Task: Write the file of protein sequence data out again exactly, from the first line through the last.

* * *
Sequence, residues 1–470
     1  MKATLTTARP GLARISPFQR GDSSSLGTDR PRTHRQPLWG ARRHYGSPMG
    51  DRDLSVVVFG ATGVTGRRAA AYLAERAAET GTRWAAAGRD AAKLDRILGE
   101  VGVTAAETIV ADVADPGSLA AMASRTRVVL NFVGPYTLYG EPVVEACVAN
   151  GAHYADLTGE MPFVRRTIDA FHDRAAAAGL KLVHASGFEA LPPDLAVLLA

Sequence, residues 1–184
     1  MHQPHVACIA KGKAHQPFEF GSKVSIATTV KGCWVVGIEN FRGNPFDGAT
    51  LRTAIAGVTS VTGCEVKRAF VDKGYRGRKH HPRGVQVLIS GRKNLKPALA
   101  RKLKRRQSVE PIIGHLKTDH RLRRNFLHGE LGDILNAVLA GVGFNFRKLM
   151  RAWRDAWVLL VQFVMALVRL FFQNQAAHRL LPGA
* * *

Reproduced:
Sequence, residues 1–470
     1  MKATLTTARP GLARISPFQR GDSSSLGTDR PRTHRQPLWG ARRHYGSPMG
    51  DRDLSVVVFG ATGVTGRRAA AYLAERAAET GTRWAAAGRD AAKLDRILGE
   101  VGVTAAETIV ADVADPGSLA AMASRTRVVL NFVGPYTLYG EPVVEACVAN
   151  GAHYADLTGE MPFVRRTIDA FHDRAAAAGL KLVHASGFEA LPPDLAVLLA

Sequence, residues 1–184
     1  MHQPHVACIA KGKAHQPFEF GSKVSIATTV KGCWVVGIEN FRGNPFDGAT
    51  LRTAIAGVTS VTGCEVKRAF VDKGYRGRKH HPRGVQVLIS GRKNLKPALA
   101  RKLKRRQSVE PIIGHLKTDH RLRRNFLHGE LGDILNAVLA GVGFNFRKLM
   151  RAWRDAWVLL VQFVMALVRL FFQNQAAHRL LPGA